If pleasure is fleeting, at least misery shares some of the same quality. We might think we can’t be happy if something terrible were to happen to us, such as losing a partner, but after a period of adjustment, most people find that happiness levels return to prior levels (Bonanno et al., 2002). Health concerns tend to decrease subjective well-being, and those with a serious disability or illness show slightly lowered mood levels. But even when health is compromised, levels of misery are lower than most people expect (Lucas, 2007). For instance, although individuals with disabilities have more concern about health, safety, and acceptance in the community, they still experience overall positive happiness levels (Marinić & Brkljačić, 2008). It has been estimated that taken together, our wealth, health, and life circumstances account for only 15% to 20% of well-being scores (Argyle, 1999). Clearly, the main ingredient in happiness lies beyond, or perhaps beneath, external factors. For some further perspectives on our affective forecasting abilities, and their implications for the study of happiness, see Daniel Gilbert’s popular TED Talk.
Having reviewed some of the literature on the interplay between social cognition and affect, it is clear that we must be mindful of how our thoughts and moods shape one another, and, in turn, affect our evaluations of our social worlds.
- Our current affective states profoundly shape our social cognition.
- Our cognitive processes, in turn, influence our affective states.
- Our ability to forecast our future emotional states is often less accurate than we think.
- The better we understand these links between our cognition and affect, the better we can harness both to reach our social goals.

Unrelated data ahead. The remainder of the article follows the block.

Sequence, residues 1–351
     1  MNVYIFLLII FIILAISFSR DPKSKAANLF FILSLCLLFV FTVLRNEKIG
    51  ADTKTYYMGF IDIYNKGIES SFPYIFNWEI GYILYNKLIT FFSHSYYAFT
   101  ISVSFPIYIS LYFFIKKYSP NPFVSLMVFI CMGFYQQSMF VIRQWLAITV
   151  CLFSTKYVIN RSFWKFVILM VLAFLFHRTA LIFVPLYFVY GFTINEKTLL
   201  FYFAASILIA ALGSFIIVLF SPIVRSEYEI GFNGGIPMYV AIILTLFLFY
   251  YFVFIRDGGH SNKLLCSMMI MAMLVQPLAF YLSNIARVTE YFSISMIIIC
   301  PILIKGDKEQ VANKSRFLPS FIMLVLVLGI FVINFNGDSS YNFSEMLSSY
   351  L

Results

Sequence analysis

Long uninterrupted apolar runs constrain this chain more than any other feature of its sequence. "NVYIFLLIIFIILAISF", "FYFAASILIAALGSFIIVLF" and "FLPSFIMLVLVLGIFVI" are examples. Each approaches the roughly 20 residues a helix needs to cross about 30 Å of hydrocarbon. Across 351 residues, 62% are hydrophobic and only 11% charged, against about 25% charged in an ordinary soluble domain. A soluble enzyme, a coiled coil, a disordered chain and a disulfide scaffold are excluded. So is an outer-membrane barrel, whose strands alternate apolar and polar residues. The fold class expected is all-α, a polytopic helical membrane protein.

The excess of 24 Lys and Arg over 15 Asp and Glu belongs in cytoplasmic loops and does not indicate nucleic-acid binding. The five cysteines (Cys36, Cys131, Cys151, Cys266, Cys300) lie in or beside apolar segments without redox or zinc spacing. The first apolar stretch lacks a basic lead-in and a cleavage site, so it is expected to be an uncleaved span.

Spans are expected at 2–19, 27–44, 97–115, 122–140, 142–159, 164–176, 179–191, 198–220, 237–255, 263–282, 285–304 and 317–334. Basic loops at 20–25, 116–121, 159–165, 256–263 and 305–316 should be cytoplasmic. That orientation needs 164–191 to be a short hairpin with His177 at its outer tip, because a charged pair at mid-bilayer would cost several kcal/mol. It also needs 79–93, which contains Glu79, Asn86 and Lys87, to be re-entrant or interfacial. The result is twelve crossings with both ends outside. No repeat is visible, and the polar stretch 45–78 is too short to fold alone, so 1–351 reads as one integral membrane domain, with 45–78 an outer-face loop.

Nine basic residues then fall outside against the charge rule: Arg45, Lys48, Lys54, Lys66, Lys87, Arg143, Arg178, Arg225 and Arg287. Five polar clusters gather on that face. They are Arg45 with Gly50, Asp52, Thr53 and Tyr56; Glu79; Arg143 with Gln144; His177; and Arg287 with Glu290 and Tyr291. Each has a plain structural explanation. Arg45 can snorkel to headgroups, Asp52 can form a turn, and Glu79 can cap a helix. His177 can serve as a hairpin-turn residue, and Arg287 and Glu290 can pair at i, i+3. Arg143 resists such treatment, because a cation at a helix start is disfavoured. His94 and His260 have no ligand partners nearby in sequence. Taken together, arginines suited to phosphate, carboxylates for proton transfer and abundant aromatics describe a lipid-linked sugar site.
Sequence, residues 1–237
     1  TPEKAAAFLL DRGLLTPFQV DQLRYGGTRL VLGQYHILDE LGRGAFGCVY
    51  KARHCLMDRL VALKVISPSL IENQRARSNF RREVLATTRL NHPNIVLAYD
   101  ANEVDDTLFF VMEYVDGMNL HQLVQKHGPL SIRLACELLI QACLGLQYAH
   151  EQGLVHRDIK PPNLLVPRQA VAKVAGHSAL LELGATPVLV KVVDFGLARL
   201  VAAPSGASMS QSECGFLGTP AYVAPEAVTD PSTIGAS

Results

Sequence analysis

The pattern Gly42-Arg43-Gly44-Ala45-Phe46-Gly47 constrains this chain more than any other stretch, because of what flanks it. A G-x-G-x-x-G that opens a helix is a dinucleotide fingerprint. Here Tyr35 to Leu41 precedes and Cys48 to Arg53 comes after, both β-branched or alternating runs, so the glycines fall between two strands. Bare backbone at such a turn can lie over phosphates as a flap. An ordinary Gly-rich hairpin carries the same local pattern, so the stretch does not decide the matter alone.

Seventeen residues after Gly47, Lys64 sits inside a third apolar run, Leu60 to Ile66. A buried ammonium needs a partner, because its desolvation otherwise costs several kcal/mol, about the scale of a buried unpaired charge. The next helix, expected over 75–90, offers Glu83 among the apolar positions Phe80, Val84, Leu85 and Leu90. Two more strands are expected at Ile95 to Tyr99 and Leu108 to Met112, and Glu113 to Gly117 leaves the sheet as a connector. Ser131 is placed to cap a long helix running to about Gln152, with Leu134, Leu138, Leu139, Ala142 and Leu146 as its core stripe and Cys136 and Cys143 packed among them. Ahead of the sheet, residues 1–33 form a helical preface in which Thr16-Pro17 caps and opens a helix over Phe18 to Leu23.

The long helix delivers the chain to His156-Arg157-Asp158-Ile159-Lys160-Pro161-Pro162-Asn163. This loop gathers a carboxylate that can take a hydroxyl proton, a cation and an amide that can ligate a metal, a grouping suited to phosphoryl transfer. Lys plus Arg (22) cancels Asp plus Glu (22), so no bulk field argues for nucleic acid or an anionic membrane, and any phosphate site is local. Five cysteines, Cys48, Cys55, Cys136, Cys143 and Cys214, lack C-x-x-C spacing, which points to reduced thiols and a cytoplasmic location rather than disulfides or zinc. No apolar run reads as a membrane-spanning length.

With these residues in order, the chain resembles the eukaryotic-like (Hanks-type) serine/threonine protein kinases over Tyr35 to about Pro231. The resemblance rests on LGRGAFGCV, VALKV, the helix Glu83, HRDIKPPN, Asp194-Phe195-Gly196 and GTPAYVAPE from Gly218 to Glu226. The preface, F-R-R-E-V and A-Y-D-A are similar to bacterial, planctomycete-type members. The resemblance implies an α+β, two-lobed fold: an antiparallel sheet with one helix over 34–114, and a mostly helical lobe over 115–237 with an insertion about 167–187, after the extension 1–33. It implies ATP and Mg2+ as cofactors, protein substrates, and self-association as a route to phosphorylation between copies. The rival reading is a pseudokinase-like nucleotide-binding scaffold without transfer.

Exercises and Critical Thinking
- Describe a time when you feel that the affect heuristic played a big part in a social judgment or decision that you made. What impact did this heuristic have? Looking back, how sound was the judgment or decision that you made and why?
- Outline a situation where you experienced either mood-dependent memory or the mood-congruence effect. What effects did this then have on your affect and social cognition?
- Describe a situation where you feel that you may have misattributed the source of an emotional state you experienced. Who or what did you misattribute the arousal to and why? In hindsight, who or what do you think was the actual source of your arousal? With this knowledge, outline how the emotion you experienced at the time may have been different if you had made a correct source attribution.
- Outline a situation that you interpreted in an optimistic way and describe how you feel that this then affected your future outcomes.
- Describe an instance where you feel that your affective forecasting about how a future event would make you feel was particularly inaccurate. Try to identify the reasons why your predictions were so far off the mark.